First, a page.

The dynastic system and the mandate of Heaven were joined to a third basic idea, that of bureaucracy. A bureaucratic form of government is not, of course, unique to China. What is important for our purposes is the particular shape and function of the bureaucracy and its reach into nearly all spheres of Chinese life, including religion.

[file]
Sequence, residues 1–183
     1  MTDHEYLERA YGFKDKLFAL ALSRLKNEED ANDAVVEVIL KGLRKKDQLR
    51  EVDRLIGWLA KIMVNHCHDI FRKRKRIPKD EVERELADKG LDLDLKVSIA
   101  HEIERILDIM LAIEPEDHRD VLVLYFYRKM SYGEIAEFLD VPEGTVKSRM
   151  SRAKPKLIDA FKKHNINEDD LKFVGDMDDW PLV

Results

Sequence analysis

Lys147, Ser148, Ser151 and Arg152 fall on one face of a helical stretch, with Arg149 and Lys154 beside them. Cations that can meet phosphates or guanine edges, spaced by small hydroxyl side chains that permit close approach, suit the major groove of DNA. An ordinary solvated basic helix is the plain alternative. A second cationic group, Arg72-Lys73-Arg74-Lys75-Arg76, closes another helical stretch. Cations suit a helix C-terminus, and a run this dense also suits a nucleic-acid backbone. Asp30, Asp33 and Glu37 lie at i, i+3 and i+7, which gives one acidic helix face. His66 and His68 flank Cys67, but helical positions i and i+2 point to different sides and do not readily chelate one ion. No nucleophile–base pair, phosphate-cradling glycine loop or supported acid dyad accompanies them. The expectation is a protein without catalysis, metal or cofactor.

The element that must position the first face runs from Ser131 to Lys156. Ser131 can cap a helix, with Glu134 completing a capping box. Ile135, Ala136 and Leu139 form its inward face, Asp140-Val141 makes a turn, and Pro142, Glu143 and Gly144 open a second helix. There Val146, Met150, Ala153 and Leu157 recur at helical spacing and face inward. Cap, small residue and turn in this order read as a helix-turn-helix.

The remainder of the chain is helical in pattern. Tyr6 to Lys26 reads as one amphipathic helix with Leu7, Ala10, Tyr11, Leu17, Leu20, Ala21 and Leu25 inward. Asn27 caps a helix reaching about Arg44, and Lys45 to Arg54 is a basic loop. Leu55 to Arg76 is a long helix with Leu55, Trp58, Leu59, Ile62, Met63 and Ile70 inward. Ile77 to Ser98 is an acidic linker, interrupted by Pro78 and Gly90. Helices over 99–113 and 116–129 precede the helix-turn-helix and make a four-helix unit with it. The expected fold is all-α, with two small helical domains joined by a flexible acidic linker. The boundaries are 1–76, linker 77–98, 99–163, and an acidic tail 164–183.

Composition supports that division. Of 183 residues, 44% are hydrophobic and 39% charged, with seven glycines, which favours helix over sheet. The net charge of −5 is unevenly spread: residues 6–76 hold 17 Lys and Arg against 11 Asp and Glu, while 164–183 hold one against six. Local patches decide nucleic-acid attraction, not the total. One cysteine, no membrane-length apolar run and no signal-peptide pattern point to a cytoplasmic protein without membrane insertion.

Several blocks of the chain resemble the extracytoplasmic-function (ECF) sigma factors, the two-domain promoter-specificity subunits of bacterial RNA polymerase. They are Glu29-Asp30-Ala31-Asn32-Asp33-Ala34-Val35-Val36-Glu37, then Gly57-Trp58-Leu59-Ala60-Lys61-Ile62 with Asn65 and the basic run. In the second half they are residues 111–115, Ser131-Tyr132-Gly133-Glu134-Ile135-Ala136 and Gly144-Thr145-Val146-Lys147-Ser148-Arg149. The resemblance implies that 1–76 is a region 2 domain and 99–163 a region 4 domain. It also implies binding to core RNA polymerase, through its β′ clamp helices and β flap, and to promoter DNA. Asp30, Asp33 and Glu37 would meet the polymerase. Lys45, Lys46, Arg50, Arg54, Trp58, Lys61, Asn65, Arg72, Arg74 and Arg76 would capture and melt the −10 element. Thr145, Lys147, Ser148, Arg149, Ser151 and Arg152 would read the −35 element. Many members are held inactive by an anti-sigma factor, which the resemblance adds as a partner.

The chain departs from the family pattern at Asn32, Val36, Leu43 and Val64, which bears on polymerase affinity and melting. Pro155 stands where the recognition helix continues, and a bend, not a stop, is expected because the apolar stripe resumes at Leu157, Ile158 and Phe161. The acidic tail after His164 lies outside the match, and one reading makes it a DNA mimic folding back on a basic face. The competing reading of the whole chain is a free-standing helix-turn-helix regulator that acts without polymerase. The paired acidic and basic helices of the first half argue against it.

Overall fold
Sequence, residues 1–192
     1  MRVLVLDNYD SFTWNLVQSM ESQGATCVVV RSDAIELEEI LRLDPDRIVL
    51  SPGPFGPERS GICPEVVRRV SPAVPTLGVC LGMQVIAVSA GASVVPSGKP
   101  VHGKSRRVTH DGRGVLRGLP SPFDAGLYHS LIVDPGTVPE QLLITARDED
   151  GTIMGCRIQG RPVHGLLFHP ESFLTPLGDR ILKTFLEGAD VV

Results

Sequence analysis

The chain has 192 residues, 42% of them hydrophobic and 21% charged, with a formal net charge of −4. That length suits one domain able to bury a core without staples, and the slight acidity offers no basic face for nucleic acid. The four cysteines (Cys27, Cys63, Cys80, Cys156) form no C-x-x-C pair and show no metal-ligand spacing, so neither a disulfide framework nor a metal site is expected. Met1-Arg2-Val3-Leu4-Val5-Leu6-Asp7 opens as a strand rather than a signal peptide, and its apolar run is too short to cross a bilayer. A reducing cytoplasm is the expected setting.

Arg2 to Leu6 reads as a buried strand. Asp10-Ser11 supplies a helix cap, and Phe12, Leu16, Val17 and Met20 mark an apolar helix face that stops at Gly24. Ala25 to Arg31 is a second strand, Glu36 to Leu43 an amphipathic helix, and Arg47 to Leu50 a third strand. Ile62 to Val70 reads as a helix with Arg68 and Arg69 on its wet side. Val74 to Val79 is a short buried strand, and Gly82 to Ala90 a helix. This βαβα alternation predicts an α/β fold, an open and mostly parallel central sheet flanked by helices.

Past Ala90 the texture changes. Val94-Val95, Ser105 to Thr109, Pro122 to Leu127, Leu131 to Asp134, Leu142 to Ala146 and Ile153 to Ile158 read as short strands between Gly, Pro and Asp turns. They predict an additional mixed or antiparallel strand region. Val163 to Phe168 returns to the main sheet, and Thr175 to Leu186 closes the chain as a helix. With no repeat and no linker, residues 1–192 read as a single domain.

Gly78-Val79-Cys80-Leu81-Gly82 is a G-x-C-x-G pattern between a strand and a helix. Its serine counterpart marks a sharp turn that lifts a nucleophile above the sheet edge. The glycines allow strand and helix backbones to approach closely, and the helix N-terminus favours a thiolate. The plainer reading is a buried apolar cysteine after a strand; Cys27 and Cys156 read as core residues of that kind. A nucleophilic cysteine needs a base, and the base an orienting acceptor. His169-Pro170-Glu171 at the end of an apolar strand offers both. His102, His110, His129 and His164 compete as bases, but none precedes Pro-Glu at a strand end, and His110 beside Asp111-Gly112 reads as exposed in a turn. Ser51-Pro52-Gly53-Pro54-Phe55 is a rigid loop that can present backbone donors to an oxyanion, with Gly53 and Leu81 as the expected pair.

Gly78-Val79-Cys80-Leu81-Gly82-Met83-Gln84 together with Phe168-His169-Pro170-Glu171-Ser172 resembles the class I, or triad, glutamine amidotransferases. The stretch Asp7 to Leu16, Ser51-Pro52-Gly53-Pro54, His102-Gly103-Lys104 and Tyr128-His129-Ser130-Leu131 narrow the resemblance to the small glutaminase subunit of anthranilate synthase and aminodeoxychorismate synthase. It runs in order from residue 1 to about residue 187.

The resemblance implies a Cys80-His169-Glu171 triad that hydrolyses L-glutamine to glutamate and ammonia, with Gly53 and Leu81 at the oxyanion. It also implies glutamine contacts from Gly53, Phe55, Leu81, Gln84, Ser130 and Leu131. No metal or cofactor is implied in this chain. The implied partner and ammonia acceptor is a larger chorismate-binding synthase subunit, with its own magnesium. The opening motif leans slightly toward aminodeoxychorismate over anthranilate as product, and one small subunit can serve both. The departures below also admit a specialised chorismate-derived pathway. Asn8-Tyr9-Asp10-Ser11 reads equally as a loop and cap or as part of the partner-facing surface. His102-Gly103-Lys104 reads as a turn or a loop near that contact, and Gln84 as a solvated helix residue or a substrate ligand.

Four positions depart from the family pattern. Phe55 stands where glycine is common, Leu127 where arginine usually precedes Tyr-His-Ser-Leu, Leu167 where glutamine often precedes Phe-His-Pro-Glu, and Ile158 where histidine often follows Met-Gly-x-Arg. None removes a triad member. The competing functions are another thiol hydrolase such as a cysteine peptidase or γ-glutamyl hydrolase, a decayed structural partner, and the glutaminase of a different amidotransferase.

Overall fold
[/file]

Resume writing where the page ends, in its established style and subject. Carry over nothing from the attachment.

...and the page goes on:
Max Weber's listing of the characteristics of bureaucracy offers a helpful starting point for discussing the Chinese case. According to Weber, bureaucracy includes: (1) the principle of official jurisdictional areas, so that the duties and powers of each office are clearly stipulated; (2) the principle of hierarchy, which makes clear who ranks above and who ranks below, with all subordinates following their superiors; (3) the keeping of written records or files and a class of scribes whose duty is to make copies; (4) training of officials for their specific tasks; (5) full-time employment of the highest officials; and (6) the following of general rules.<15> Virtually all of these principles can be found in one form or another in the Chinese bureaucracy, the roots of which some scholars trace to the religion of the second millennium B.C.E. The only consistent qualification that needs to be made (as Weber himself points out<16>) concerns the fourth point. Aspirants to government service were admitted to the job, in theory at least, only after passing a series of examinations, but the examination system rewarded a general course of learning in arts and letters rather than the technical skills demanded in some posts like engineering, forensic medicine, and so on.